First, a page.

Elder Monte James Brough
Elder Monte James Brough a
Elder Brough was called to the First Quorum of the Seventy at the October 1988 general conference. When the Second Quorum of the Seventy was established the following April, he was sustained as a member of that quorum. In the April 1991 conference, Elder Brough was again sustained to the First Quorum of the Seventy.
He also served in the Presidency of the Seventy from August 1993 through August 1998. He was named emeritus general authority on Oct. 6, 2007.
In his general authority service, he was a counselor in the Utah Central Area, a counselor, then president of the Asia Area, president of the North America Southeast Area and a counselor in the North America Central, Utah North, then the Utah South areas.
He was born on June 11, 1939, in
He overcame some birth defects aggravated by a childhood injury to make his high school basketball team as a junior and was on the starting five as a senior.
In 1959, he accepted a mission call to the
"My mission was the fulcrum event in my life," Elder Brough told the Church News after his call as a general authority. "At the end of my mission experience, I knew that, with God's help, there is nothing on this earth I cannot do, I believe that (philosophy) works in business, I believe that it works in raising children, and, certainly, it works in the church."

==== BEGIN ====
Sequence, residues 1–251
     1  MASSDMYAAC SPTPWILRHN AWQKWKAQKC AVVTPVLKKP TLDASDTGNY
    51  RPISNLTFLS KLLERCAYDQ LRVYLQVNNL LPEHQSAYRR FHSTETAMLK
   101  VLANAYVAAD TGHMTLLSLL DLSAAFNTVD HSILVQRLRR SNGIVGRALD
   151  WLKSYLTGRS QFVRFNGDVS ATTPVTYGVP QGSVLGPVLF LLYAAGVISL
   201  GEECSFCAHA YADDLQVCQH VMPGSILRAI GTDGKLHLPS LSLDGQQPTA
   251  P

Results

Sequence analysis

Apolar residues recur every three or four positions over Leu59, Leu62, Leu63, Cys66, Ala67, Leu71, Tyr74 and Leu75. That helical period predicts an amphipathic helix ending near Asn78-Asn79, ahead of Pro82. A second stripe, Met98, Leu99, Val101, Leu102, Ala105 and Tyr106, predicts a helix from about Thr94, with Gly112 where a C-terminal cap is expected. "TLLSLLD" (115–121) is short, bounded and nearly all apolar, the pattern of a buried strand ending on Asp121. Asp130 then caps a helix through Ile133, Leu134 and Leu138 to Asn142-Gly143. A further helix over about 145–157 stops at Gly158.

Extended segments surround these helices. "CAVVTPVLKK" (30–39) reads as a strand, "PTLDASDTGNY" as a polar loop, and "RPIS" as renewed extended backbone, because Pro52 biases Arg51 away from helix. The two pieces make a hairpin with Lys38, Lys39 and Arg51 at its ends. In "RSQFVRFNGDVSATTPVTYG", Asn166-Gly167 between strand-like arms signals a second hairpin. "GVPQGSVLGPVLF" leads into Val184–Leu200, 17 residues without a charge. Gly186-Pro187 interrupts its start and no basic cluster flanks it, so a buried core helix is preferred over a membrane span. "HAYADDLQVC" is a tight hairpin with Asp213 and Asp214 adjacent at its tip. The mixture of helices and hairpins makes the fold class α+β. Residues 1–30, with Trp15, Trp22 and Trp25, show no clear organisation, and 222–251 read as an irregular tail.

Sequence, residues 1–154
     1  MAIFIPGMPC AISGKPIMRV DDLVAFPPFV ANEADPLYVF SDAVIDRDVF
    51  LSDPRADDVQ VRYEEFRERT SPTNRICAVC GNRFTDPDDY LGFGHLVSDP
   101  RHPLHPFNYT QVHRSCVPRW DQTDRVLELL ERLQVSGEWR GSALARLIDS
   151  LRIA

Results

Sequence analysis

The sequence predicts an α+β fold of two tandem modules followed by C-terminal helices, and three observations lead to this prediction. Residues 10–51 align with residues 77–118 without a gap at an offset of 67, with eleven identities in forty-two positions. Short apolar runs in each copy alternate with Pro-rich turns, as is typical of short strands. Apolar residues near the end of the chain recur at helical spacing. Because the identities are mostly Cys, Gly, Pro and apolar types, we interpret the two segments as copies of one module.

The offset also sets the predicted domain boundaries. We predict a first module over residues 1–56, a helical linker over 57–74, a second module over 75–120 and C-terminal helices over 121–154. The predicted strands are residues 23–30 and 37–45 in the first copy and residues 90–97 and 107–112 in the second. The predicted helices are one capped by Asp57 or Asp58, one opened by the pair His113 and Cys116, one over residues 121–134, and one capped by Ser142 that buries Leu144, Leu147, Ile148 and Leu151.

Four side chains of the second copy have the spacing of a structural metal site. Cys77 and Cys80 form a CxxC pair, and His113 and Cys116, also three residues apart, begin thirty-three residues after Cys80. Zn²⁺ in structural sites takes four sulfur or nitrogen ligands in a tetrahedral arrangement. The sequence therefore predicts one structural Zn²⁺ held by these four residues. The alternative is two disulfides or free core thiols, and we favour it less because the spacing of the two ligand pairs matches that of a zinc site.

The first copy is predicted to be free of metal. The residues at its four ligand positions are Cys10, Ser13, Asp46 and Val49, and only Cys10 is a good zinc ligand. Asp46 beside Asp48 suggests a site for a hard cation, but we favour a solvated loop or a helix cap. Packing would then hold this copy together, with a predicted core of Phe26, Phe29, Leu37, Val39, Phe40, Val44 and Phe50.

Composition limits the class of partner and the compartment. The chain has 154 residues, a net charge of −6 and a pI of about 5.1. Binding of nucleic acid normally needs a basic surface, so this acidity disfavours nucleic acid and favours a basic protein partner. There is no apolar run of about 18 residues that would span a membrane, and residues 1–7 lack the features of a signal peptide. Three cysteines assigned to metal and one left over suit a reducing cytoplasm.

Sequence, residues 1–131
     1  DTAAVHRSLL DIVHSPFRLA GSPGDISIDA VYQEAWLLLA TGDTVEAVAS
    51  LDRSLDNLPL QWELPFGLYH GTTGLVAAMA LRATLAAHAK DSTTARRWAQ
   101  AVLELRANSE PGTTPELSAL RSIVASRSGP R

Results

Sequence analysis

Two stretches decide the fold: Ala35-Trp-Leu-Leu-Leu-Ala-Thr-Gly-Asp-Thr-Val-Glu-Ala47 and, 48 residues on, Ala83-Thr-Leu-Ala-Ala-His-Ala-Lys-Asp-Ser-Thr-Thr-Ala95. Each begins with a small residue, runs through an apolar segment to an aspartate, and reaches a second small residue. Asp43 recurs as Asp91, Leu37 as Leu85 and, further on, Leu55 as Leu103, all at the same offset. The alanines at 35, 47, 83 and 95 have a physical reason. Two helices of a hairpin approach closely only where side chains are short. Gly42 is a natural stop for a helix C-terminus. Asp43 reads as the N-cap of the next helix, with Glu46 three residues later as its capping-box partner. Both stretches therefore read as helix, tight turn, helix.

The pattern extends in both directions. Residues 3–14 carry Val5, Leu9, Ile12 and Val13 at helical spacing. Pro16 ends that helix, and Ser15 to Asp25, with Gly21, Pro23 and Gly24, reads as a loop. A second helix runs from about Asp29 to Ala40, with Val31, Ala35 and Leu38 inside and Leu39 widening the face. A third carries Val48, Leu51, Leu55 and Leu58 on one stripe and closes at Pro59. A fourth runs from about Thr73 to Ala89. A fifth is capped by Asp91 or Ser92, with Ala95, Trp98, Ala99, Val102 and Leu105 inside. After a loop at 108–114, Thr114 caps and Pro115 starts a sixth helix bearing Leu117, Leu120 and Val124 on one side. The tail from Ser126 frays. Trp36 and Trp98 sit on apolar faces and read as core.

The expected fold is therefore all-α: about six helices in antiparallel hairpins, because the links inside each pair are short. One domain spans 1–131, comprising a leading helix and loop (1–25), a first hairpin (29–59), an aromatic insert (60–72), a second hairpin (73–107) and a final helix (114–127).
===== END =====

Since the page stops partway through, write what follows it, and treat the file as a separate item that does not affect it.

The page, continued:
After returning from his mission, he secured employment in the computer
department of an aerospace contractor. On Aug. 30, 1962, he married Lanette
Barker in the
He graduated from the
Elder Brough also was an IBM systems engineer and founded a multinational computer services company from which he retired prior to being called as president of the Minnesota Minneapolis Mission.
He also directed business operations in computer services, wholesale
distribution, real estate, ranching and investments. He was a director for
Elder Brough was the founding president of the
In the church he served as bishop, counselor in a stake presidency, regional representative, member of the Young Men general board, second counselor in the Young Men general presidency and assistant executive director of the Family History Department. He spoke five times in general conference. In his last address, given at the priesthood session of the October 2003 conference, he told young priesthood holders to rise to the challenge of their quorum responsibilities.
He is survived by his wife and seven children, 23 grandchildren and four great-grandchildren.
Funeral services will be held Monday, Sept. 26, at 11 a.m. at the